(Andrey Popov/iStock)

Guest blogger, Grover Cleveland, author of Swimming Lessons for Baby Sharks: The Essential Guide to Thriving as a New Lawyer, gives law students tips on surviving (and winning) the on-campus interview game.

Not unlike speed dating, the on-campus screening interview process is a game of elimination. Your primary goal is the same: Make it to the next round. That means you need to avoid obvious errors that will trip up some (lose the nose piercing) and stand out from others who won’t make much of an impression. Here are important tips for succeeding in your lightning round of interviews:

Own the room.Greet the interviewer confidently. It may sound corny, but don’t slouch. Look the interviewer directly in the eye and give a firm handshake (but not a bone-crunching one). And smile. If you exude enthusiasm, you are likely to get it back from the interviewer, which will help put you at ease.

Ask strategic questions. You don’t have much time, so the more time the interviewer spends telling you about the firm, the less time you have to highlight your attributes. Ask questions that show that you researched the firm and that you are enthusiastic about working there. You should be ready to answer the “Why do you want to work here?” question with a response that is specific to each firm.

Don’t ask about quality of life. Firms want to know what you can do for them. Initial interviews are not the time to address your personal concerns. For example, if you ask about work/life balance, the interviewer is likely to hear, “I am not interested in working hard.” Get that kind of information another way—or ask after you have an offer.

Develop key messages. Come up with a list of points that you want to get across—regardless of the questions you are asked. Again, research the firm. If you understand the qualities that a firm values, you can craft answers that show you will be an asset to the firm. Whenever you can, provide specific examples of your skills and how they will benefit the firm.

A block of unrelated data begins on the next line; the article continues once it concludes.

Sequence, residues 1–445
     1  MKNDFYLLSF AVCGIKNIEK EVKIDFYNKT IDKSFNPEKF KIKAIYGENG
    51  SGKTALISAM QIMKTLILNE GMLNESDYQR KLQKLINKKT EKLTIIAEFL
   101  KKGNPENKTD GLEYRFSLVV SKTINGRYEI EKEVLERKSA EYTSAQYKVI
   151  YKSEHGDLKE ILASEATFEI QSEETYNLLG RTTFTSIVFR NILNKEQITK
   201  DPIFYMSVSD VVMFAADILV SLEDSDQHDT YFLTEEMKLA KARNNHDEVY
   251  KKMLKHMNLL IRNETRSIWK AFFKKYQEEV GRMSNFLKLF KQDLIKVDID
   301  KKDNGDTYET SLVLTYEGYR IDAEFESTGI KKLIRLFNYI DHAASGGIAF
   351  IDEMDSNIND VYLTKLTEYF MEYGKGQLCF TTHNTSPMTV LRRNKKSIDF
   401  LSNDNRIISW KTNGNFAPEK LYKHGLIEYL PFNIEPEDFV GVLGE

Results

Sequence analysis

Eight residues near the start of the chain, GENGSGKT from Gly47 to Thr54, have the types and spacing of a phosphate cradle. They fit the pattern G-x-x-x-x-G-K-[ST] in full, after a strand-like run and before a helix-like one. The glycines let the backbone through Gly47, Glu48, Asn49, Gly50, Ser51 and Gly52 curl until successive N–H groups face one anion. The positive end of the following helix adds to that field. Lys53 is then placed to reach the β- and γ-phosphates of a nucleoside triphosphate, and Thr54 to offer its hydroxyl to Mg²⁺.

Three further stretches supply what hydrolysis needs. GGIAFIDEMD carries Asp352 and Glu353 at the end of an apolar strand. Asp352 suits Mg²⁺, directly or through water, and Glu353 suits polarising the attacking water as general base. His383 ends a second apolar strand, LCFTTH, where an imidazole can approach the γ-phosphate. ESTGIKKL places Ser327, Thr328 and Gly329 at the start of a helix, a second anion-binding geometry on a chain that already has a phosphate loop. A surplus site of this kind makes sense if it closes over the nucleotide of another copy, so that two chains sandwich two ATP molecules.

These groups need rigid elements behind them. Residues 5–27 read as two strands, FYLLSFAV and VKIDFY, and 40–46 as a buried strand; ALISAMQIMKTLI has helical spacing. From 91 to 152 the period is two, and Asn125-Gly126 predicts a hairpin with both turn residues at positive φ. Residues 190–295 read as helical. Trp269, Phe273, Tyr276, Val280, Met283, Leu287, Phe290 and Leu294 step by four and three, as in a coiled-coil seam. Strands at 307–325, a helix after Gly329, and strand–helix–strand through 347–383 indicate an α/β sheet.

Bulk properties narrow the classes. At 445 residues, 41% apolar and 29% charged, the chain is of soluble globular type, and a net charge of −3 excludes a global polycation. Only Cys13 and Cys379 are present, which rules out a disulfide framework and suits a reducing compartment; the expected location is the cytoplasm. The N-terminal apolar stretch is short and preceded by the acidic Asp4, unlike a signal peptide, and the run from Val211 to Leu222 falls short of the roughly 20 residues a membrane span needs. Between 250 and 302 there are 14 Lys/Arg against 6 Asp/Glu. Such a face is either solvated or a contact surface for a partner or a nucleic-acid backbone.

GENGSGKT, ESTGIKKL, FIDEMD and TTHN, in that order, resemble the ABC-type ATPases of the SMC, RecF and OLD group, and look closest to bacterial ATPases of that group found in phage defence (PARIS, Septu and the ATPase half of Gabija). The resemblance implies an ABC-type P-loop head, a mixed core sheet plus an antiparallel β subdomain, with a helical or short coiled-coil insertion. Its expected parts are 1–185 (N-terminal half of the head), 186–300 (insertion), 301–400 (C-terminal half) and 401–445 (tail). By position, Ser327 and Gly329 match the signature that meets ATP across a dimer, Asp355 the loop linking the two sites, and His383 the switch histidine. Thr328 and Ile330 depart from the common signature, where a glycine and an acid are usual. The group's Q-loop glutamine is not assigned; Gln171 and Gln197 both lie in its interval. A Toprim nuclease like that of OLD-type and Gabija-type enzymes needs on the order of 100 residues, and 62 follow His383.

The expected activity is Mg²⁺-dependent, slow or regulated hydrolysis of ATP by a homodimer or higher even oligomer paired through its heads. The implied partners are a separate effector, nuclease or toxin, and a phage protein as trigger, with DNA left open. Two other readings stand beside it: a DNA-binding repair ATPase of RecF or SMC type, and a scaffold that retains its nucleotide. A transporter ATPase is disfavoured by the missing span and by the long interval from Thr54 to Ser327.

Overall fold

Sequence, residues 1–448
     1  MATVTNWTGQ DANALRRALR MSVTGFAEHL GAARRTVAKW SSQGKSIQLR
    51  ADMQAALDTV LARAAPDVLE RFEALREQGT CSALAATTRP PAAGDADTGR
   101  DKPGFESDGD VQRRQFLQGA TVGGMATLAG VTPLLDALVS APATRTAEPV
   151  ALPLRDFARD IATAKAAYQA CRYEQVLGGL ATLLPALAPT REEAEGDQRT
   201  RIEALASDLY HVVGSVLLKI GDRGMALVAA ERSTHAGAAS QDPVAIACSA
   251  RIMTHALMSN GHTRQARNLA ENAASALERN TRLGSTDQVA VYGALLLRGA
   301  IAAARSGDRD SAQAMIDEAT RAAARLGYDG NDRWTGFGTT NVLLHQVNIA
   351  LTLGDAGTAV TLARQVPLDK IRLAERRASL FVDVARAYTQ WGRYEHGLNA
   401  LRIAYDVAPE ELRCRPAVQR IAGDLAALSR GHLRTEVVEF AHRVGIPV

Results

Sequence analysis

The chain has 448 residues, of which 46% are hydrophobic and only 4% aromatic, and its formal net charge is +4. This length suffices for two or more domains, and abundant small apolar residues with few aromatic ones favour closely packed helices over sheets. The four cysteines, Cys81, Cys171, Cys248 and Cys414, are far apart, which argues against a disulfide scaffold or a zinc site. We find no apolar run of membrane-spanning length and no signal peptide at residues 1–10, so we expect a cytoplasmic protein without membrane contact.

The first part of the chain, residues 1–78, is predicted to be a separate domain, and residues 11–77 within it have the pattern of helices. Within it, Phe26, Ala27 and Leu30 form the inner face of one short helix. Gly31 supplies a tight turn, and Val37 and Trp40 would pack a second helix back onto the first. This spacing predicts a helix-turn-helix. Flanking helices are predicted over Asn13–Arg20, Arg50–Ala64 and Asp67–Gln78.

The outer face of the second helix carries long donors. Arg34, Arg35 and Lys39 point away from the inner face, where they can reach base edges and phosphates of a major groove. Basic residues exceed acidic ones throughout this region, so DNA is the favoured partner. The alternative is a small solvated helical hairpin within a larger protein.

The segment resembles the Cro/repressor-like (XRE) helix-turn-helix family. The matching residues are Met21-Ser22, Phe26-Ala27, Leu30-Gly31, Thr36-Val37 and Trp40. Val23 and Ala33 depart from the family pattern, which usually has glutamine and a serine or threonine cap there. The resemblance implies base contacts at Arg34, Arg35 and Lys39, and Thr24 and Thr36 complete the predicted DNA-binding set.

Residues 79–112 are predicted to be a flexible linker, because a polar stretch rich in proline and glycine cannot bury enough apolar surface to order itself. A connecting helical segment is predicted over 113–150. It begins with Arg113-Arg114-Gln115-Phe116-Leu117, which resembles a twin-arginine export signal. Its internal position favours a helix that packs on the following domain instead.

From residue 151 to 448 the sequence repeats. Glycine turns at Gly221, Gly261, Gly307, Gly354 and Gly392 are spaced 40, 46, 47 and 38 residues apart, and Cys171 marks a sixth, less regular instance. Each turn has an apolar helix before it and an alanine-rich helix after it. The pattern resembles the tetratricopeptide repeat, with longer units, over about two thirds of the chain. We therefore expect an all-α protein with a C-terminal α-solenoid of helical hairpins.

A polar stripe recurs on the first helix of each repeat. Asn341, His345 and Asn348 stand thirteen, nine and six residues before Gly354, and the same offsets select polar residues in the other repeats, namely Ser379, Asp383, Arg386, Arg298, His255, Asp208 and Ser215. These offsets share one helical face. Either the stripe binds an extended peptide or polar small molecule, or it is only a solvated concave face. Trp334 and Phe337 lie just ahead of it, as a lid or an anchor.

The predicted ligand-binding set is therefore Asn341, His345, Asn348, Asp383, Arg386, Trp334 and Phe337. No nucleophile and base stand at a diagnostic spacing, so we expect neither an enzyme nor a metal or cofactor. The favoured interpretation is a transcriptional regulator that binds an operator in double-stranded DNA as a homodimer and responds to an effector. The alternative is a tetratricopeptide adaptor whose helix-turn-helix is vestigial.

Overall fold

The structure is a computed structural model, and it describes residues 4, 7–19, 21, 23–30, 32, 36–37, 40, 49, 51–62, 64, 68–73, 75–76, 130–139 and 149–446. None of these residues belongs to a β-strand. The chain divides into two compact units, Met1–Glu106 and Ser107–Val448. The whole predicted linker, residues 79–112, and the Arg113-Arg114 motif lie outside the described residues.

Listen closely to each question. If you are anxious, you may be tempted to blurt out the first answer that comes into your head or start talking before you have fully composed your answer. Don’t fall into those traps.

Pause for a second or two before answering. That may seem like an eternity, but it will become more natural if you practice. The time will give you a chance to compose your thoughts and review the key messages in your answer. If you don’t understand a question, ask for clarification. Don’t guess.

Be memorable. Try to highlight an interesting fact or accomplishment—preferably one that took tenacity. If the interviewer remembers you as “the one who ran the marathon,” you are much more likely to make it to round two.

Manage anxiety. Interviewing is anxiety-provoking for almost everyone. Remember, the interviewer was once in your chair. If you have done your research, practiced your answers and have your key messages down cold, you will be much more confident. And exercising will help banish adrenaline so it can’t mess with your mind.

Right before your interviews, you may also want to try stress-reduction expert Jordan Friedman’s Quick Calm technique:

1. Inhale deeply and hold your breath for four seconds;

2. Think “I am warm”;

3. Exhale and think “I am calm,” and repeat twice.

Good luck!

A version of this post originally appeared in the Careerist on August 6, 2012.